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Re: controlled use of language

From: jonathan chetwynd <j.chetwynd@btinternet.com>
Date: Fri, 17 May 2002 17:57:36 +0100
Message-ID: <008501c1fdc3$f2487750$613029d9@RJCHETWYND>
To: "Charles McCathieNevile" <charles@w3.org>, "William Loughborough" <love26@gorge.net>
Cc: "lisa Seeman" <seeman@netvision.net.il>, "WAI GL" <w3c-wai-gl@w3.org>
you are a brick charles,
may I remind you that there is no written british constitution?
did i get that right?

I was wondering how many serious games players it takes to keep wai running.
and perhaps whether that relates to the very slow uptake on my scripting
document, which was crap.

seriously there really is very little discussion of conflict and
co-operation or game theory on these lists.
and yet much that relates to partial solutions.

good games such as chess and go develop at about the speed of languages.

thanks

jonathan
----- Original Message -----
From: "Charles McCathieNevile" <charles@w3.org>
To: "William Loughborough" <love26@gorge.net>
Cc: "lisa Seeman" <seeman@netvision.net.il>; "WAI GL" <w3c-wai-gl@w3.org>
Sent: Friday, May 17, 2002 3:13 PM
Subject: Re: controlled use of language


As a linguist I can sympathise with the idea that trying to fix a single
simple language is doomed to failure. Parolone esperanton?

I donīt think that essential feature of people means that Lisa is barking up
the wrong tree (or is trying to do the wrong thing). A given communication
in
language relies on the conventions of the time, and these change. Nobody
really seems to understand what "handsome is as handsome does" used to mean,
although through strange history it still makes sense in the modern usage.

At any time, there are ways of controlling language usage that can provide a
simplification, especially if they are agreed conventions. That is a bit
different to having entirely unambiguous language - but improvements are
better than nothing.

As it happens I talked to a large company that has automated tools for
enforcing this in their documents, as well as another who put a high
priority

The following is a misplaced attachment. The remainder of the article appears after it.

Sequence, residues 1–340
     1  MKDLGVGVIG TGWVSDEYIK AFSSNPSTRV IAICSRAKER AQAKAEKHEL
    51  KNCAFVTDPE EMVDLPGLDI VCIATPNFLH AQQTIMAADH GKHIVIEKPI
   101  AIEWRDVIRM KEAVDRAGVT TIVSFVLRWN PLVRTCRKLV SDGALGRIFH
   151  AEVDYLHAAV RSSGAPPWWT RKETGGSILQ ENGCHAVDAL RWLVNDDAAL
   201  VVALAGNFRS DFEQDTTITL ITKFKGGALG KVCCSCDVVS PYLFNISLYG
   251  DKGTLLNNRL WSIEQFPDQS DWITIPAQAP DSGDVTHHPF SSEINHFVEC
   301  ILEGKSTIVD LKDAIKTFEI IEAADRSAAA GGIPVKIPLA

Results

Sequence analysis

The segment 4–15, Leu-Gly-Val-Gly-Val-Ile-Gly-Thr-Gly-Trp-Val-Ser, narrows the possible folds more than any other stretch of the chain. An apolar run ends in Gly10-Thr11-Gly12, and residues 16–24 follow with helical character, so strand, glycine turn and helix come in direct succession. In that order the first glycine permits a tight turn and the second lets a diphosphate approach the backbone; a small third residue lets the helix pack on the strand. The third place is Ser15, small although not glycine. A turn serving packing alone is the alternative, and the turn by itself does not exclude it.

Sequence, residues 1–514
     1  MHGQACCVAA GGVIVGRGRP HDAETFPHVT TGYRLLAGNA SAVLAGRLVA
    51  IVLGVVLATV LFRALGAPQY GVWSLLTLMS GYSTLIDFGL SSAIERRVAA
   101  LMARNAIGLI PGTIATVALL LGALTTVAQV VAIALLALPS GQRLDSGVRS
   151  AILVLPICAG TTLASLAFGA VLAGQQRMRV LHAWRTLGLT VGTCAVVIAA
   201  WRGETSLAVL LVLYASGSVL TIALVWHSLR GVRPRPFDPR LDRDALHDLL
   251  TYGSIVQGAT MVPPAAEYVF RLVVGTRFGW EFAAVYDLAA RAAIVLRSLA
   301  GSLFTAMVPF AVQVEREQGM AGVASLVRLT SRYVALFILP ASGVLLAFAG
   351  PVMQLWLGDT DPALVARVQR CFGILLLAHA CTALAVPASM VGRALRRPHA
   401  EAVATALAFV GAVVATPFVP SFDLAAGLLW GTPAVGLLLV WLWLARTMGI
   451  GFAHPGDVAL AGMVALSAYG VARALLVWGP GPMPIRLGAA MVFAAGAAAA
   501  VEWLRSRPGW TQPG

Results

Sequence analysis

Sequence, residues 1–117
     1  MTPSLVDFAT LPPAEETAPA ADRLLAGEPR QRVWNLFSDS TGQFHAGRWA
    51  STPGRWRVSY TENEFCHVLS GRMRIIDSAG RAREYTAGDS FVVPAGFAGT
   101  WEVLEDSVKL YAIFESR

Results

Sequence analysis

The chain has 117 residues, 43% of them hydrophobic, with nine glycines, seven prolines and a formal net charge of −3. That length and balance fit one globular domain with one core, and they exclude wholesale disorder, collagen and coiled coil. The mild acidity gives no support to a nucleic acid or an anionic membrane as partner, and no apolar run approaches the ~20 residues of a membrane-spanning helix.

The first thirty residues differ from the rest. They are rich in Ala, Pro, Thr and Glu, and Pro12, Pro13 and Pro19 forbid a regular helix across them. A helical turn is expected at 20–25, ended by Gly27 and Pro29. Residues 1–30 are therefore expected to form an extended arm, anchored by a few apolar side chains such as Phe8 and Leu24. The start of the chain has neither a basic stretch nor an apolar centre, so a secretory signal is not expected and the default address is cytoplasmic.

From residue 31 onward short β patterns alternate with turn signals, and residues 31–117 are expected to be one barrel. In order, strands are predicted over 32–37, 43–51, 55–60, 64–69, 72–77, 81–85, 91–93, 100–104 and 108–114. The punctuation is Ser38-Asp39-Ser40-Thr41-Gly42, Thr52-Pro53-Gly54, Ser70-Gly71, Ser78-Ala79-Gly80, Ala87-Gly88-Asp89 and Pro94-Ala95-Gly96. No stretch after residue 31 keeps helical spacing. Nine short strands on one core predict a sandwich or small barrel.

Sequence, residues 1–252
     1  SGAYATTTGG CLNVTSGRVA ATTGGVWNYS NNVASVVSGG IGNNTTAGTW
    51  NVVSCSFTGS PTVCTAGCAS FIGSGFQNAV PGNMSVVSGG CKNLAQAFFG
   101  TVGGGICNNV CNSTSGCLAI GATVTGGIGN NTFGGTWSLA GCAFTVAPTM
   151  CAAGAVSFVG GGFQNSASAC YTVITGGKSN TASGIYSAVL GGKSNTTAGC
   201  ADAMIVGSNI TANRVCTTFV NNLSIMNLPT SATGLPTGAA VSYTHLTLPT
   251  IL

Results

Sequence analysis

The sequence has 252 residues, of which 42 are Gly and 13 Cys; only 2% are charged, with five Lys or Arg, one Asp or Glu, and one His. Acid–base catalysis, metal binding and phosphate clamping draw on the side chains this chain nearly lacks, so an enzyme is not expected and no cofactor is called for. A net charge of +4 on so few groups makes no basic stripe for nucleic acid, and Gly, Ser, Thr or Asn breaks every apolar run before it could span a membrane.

on meeting their rules for simple language and illustration in all
documents.

As a further example, many armies and training schools in particular have
been doing this for years - because it is important to them that their
message is communicated.

There is always an argument that acessibility is incompatible with art. I
donīt believe that is a sound argument. However, it is possible to make art
that is not compatible with accessibility. It is possible to make art that
is
compatible with accessibility. It is possible to use the methods developed
in
art to enrich communication. This is not the same as arguing that the most
important feature of the US Constitution is its artistic value. The most
important feature, clearly, is the rules it lays out for a society to govern
itself, and to the extent those are not able to be clearly interpreted and
understood there are all sorts of corrective measures required, like an
expensive collection of mostly old men to help interpret.

For the rest, it is a question of our skill as writers, just as producing
appropriate alt text is a question of our skill at interpreting graphic
communication and translating the message to text. The more we can create
simple rules, the easier that most things will become. We should not make
the
hard things impossible, but it is very helpfulto make the common things
easy.

Chaals

On Thu, 16 May 2002, William Loughborough wrote:

  At 10:16 PM 5/15/2002 -0700, lisa Seeman wrote:
  >controlled use of language

  Who will control the controllers? If it is to be some version of the
French
  Academe, they must be prepared for forms of ridicule/satire beyond
anything
  presently available.

Certainly. Thanks in advance for supplying it <grin/>
Received on Friday, 17 May 2002 12:57:53 GMT

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